I think that I managed to get away with eating only one piece of bacon that day. It was the first time in four or five years that I had eaten bacon. And I haven't eaten any since then. I'm still afraid of the caloric and fat content involved in eating it.

Trigger foods are foods that trigger unhealthy eating behaviors.  In me, they set off a binge-purge cycle.  A person who eats a trigger food cannot control their behaviors much in the same way that when an alcoholic has one or two drinks, they cannot stop drinking.  The physiological changes that had been made in the brain are too strong and the cravings too intense for a person to stop on their own once they begin. In treatment, the goal is to help the person avoid trigger foods, until they reach a mindset where they can handle eating trigger foods without being triggered.  Keep in mind that a person may also never reach this point, just like some alcoholics can never have alcohol once they enter into recovery.

For me, my biggest trigger food is ice cream.  Any time I eat any type of ice cream or any kind of ice cream, I have to fight off a binge-purge cycle.  More often than not, I will eat a normal amount of ice cream and not be able to resist throwing up.  It's something that I cannot keep in my body because of the powerful triggering effects it creates. So now I just don't eat it.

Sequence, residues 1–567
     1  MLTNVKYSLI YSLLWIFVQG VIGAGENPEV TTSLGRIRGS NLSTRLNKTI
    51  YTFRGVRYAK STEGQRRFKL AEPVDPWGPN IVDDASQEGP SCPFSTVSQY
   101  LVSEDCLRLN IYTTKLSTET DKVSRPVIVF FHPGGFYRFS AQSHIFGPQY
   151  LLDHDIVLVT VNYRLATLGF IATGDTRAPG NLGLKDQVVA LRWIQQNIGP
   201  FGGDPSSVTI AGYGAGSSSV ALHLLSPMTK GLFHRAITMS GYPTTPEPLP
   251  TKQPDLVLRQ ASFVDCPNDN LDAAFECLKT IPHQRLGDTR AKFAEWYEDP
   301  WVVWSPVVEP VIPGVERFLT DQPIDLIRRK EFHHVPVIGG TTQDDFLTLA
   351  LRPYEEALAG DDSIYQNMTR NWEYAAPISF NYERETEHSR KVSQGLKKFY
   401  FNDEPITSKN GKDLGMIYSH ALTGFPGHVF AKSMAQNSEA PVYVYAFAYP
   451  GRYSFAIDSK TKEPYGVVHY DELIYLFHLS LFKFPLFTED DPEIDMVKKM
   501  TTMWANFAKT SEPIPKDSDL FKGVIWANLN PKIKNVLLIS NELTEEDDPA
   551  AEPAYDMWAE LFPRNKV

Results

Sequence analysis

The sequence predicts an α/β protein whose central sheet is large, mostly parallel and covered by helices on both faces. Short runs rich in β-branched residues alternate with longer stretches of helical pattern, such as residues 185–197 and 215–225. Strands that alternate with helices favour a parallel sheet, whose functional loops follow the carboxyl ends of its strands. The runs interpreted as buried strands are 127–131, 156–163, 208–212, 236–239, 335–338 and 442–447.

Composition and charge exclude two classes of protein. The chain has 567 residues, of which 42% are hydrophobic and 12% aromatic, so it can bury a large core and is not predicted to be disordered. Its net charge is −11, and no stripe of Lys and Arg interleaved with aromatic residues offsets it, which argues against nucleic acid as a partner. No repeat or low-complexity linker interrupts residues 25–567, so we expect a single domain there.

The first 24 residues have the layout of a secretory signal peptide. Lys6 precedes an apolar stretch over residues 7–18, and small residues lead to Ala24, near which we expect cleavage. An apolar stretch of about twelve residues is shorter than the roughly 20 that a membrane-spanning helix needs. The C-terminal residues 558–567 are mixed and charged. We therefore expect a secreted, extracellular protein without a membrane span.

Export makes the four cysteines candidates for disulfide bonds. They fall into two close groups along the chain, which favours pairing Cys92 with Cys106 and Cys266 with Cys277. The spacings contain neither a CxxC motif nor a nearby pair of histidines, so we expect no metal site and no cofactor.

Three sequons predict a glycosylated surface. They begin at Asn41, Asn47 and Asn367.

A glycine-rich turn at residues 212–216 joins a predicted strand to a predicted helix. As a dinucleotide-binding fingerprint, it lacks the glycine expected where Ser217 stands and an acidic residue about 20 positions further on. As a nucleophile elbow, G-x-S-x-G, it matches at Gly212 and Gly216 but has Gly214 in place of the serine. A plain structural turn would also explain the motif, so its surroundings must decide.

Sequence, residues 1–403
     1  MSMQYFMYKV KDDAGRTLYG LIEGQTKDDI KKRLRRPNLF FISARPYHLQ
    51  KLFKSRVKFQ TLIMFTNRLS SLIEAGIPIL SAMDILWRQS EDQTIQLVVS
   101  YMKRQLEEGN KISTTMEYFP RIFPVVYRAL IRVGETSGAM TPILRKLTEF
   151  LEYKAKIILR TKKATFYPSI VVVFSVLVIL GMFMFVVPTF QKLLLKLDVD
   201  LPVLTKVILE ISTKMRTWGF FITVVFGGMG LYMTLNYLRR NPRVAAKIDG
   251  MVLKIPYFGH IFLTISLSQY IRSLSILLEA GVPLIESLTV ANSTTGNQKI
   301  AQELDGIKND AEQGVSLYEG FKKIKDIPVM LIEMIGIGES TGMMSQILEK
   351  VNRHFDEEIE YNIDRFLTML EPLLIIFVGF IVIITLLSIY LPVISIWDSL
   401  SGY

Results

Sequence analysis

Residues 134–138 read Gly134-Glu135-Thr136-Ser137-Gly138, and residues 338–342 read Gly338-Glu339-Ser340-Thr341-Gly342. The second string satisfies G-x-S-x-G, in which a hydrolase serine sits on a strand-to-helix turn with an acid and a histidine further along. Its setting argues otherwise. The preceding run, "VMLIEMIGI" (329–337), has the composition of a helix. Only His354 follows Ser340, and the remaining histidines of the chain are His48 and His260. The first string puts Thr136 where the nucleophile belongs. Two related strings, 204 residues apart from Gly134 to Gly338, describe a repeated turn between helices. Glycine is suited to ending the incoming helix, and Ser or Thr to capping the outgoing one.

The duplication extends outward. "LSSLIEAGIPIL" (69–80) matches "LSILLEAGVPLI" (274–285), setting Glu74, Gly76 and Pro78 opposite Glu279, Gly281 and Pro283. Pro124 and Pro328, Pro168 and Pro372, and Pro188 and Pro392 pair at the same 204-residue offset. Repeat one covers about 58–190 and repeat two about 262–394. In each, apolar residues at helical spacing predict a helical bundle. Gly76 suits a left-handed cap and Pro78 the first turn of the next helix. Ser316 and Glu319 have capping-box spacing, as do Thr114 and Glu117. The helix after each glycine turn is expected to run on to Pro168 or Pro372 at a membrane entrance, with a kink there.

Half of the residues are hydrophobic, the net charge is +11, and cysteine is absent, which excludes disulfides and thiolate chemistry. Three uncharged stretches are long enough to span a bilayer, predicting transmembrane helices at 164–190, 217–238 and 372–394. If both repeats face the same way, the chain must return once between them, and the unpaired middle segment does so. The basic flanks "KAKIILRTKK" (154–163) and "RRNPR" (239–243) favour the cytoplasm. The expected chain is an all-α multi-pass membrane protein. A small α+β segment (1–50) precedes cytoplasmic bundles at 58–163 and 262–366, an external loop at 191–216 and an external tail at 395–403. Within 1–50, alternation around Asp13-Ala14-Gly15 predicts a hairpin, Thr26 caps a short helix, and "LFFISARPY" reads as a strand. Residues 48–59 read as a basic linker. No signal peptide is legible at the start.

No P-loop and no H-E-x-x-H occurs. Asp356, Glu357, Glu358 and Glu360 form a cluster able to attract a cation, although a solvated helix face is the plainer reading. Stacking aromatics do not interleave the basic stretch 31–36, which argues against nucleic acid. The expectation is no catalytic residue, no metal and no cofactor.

Trigger foods are different from fear foods in that they elicit a behavioral response, while fear foods elicit an emotional response.  A lot of times, these two types of foods can be confused.  I know that they were confused for me during treatment.

Both are things that need to be dealt with in treatment in order for someone to fully overcome their eating disorder and return to "normal" eating.  And maybe some day, later on in my recovery journey, I will be able to conquer my fear foods, but for right now, I'm just going to take it one day at a time.

Back to the Oreo story. The reason that he brought us the Oreos is apparently because "treats increase positive affect, but only if they are not expected." He then went on to explain the study behind it and how when he was working in someone's lab, they used to give their participants a cookie when they did the debriefing to increase their positive emotions. I do have to admit that I felt a little bit better because he surprised me with something as small as Oreo, although I'm not sure that it made up for the amount of anxiety that it provoked... These studies are focused on the "normal population" after all, so generally not people with eating disorders. (Future study idea? I think yes.)

And that Oreo? I ate it. Not in front of my professor and her husband (who is also a professor, but not my professor, so I feel like I can't loop him into the "my professor" category), but I ate it.  I think that might be progress.  I'll take the little victories when they come.

Why Recovery is Worth It: So that I can eat what I crave and enjoy it.